Flagstaff, AZ – Earth Notes: Climate Change I: Warming the J mez
Climate change is a global phenomenon. But it's hard to grasp change taking place over the entire globe. During the next few weeks Earth Notes will take a look at climate change on the Colorado Plateau and what its effects are on plants, animals, and other features of the landscape.
In New Mexico, researchers from The Nature Conservancy recently completed a detailed study of temperature patterns. They concluded that plants, animals, and landscapes are "without question" being impacted by climate change and have been for at least 15 years.
Scientists found that mean annual temperatures in the state increased one-point-eight degrees Fahrenheit from 1976 through 2005. Analyzing precise records, they determined that New Mexico's greatest rise in warmth has come in winter and spring.
Higher temperatures generally mean drier conditions, and no place in New Mexico has warmed and dried more than the J mez Mountains northwest of Santa Fe, where ecosystems are changing visibly.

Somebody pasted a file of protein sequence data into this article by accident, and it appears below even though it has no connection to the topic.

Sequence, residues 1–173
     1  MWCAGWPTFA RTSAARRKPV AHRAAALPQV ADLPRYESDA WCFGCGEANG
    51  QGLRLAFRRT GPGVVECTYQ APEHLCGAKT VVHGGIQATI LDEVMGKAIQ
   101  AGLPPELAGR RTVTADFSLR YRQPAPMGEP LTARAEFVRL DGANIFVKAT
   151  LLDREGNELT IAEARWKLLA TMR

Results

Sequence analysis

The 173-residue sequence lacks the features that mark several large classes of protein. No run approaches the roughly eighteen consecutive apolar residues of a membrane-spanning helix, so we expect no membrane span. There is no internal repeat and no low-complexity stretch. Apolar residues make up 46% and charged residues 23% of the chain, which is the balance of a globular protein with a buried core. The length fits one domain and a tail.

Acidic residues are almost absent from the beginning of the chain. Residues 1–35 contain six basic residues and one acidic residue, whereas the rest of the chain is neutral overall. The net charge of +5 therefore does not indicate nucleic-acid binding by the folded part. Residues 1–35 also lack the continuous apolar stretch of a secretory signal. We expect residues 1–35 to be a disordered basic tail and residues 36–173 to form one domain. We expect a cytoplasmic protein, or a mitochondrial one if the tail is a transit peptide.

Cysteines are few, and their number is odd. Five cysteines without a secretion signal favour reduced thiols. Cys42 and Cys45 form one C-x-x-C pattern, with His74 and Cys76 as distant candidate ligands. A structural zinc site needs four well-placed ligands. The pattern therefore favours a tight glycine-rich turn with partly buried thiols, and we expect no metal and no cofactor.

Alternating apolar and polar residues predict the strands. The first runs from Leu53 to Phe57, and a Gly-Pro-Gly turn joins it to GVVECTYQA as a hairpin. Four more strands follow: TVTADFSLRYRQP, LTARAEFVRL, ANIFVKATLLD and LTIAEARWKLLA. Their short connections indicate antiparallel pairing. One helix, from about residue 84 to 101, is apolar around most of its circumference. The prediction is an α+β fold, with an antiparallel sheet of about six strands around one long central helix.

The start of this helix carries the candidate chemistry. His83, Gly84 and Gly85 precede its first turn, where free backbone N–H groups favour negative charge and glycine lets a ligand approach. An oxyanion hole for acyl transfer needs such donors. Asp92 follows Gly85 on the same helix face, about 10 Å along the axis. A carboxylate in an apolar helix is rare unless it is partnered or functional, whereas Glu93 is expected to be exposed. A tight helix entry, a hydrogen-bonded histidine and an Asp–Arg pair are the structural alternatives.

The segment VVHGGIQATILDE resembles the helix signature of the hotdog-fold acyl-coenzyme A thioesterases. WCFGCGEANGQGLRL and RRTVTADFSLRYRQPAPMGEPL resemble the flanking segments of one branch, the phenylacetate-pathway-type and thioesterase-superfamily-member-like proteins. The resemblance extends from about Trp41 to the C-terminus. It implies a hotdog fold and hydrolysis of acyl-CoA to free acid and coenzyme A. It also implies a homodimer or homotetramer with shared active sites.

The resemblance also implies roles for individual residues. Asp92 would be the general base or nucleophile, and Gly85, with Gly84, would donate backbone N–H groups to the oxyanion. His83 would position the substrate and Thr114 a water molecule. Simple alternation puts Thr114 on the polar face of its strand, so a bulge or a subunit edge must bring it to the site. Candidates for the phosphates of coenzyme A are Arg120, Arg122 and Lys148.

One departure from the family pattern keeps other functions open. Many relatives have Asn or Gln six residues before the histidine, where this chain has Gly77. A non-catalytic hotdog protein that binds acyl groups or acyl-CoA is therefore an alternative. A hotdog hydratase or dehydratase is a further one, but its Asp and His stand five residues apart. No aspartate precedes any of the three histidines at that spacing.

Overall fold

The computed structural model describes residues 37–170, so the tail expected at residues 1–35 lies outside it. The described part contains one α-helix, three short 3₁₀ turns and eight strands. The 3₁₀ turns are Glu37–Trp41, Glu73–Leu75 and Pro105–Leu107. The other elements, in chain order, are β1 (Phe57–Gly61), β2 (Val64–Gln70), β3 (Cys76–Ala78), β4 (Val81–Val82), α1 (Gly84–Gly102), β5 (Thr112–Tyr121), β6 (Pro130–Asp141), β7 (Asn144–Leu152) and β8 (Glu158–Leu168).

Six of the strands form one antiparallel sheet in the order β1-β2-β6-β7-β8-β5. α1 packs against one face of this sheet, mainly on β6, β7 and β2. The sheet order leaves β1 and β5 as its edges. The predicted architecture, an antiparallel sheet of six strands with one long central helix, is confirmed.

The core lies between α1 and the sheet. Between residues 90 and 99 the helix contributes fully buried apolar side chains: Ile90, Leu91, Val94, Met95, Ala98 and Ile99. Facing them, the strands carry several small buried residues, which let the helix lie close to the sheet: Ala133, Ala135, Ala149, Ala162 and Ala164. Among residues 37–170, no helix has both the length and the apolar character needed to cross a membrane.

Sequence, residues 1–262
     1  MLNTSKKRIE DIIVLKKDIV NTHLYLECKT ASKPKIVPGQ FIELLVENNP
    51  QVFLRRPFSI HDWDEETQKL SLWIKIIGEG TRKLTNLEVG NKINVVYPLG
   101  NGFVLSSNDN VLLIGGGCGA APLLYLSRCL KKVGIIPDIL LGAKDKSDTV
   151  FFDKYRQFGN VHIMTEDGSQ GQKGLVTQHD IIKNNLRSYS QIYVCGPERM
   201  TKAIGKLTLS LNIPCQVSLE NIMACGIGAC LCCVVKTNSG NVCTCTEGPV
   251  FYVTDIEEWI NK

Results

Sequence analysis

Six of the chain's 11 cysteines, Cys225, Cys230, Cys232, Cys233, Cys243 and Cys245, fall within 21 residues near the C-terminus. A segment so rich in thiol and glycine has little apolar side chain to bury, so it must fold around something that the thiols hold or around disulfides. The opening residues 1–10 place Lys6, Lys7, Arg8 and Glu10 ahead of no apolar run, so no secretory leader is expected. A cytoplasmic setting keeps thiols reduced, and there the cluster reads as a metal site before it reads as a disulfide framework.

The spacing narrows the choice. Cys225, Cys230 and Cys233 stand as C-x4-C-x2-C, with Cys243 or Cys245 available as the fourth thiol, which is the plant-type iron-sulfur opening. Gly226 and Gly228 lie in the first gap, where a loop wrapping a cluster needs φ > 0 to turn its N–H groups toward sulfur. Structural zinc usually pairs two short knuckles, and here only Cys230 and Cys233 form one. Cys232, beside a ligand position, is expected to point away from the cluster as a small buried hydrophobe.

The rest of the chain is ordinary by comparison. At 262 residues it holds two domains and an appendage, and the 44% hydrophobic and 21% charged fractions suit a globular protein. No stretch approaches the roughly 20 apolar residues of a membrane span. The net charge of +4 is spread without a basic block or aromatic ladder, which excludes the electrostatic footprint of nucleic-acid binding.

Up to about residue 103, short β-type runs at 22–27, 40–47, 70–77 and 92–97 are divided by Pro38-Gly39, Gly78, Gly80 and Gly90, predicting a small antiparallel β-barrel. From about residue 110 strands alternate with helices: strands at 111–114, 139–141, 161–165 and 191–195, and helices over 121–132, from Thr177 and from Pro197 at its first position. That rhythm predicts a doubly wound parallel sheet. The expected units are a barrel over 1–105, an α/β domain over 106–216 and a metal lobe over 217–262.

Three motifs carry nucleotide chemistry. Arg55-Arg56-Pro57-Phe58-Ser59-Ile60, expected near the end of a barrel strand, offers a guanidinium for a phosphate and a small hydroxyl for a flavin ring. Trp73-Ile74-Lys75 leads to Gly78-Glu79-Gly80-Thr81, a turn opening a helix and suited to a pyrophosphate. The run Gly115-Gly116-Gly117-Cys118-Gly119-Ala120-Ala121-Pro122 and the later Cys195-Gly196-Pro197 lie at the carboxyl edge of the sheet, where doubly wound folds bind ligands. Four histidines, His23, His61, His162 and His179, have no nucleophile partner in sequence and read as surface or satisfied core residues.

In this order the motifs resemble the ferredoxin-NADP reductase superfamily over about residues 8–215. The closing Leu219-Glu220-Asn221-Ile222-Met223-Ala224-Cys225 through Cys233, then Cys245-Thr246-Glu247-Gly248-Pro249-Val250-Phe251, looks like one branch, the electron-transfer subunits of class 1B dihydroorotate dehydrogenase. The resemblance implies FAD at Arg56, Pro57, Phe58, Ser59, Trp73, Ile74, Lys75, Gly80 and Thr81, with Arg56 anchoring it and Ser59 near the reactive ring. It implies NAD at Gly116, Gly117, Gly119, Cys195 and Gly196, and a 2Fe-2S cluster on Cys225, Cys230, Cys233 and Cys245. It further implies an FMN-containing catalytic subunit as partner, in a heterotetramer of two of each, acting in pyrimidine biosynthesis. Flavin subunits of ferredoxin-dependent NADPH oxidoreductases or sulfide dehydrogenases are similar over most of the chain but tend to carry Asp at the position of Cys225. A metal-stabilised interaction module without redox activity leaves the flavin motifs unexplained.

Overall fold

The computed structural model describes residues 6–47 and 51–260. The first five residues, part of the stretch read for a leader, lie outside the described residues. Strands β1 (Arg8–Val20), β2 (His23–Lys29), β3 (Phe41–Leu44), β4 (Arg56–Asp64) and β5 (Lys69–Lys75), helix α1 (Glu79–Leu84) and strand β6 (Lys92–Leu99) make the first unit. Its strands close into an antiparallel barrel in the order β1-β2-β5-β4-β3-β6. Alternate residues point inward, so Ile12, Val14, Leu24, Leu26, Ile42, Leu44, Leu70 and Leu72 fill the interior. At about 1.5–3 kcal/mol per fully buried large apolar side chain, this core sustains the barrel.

Researchers Carolyn Enquist and Dave Gori link the overall climate change trend in the J mez to a large-scale die-off of pi on pines and other changes in vegetation patterns.
They're also concerned that many species may not be able to adapt successfully to rapid changes in climate. Particularly at risk are species that need cool conditions and are found only in limited areas, like the J mez Mountains salamander and the Goat Peak pika.
Next week we'll look at how some residents of southwestern mountains are already changing their behavior and perhaps causing themselves problems.